Beyond these major parades, however, there are a number of other events as well. The Grove hosts its very own Pride Bingo on June 9th. This event occurs in the Grove’s rooftop parking lot, which they transform dramatically so that revelers can enjoy a glorious evening under the stars. There, they can enjoy a beautiful panoramic view of the Los Angeles skyline. A week later, additional LA Pride activities take place, such as Pride in the Park, an outdoor concert featuring Christina Aguilera. Taking place in LA State Historic Park, an extensive green field between Chinatown and Elysian park, this event has a maximum capacity of 25,000 people.
Lastly, toward the end of the month, on June 24th, Pride completely takes over Universal Studios. This after-hours event, known as Pride Universal, is truly a sight to behold. But even if you end up missing this event or the other major Pride events, there are countless activities and events on a smaller scale throughout Los Angeles. Even outside of major venues, you can always just meet up with friends for a casual Pride hangout!
How Can I Celebrate Pride Sober?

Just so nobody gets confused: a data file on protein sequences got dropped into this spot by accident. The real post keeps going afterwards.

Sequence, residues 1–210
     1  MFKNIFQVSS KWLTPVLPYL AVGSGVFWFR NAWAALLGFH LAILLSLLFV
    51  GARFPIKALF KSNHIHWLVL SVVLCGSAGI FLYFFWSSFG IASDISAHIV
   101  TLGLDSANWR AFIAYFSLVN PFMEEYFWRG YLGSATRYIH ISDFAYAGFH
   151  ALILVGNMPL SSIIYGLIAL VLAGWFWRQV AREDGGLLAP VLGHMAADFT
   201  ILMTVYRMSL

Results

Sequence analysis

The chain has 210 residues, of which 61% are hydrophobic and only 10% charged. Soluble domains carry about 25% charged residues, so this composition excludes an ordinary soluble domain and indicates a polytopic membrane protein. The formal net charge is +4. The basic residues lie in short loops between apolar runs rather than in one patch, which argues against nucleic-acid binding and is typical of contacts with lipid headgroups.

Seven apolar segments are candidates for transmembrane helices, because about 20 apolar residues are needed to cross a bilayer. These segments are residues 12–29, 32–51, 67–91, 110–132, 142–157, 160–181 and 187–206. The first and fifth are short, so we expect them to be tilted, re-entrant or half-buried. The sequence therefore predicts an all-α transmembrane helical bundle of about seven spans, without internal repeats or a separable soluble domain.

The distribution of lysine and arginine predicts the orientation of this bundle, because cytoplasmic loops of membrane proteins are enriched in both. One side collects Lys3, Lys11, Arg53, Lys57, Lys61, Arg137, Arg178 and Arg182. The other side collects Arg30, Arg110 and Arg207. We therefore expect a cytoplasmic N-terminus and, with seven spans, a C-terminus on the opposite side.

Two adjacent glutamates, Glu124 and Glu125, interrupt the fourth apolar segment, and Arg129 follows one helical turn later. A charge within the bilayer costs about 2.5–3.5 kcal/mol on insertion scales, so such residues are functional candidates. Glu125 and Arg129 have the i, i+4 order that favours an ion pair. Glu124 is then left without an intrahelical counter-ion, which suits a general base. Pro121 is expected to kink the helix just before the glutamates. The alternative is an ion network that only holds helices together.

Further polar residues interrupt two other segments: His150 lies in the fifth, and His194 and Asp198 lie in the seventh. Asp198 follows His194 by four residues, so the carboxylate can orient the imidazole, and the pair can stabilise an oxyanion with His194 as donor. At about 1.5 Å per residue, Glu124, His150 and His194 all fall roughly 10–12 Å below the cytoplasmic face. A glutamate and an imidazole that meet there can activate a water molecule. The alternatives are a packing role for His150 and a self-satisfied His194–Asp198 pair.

If you are clean and sober – or simply want to avoid drugs and alcohol during Pride, do not fret. You are likely to find support from members of the LGBTQ community as well as the recovery community. Both communities overlap more than you might expect, too! There are plenty of options and ways to celebrate Pride without having to worry about being stressed, triggered, or pressured into using drugs or taking a drink. Listed below are a few ideas for celebrating Pride without resorting to mind altering substances.
Attend a Sober Pride Fest
Did you know that there is a festival that is specifically designed to meet the needs of people who are sober in the LGBTQ community? The organization which puts this festival on is called Gay & Sober. Every year during Pride Month, they organize a block party that celebrates LGBTQ community members who have fought and continue to fight drug and alcohol addiction. This event is generally a lot of fun. And you can definitely expect people to let loose – without even having to resort to intoxication.
Join an Online Pride Event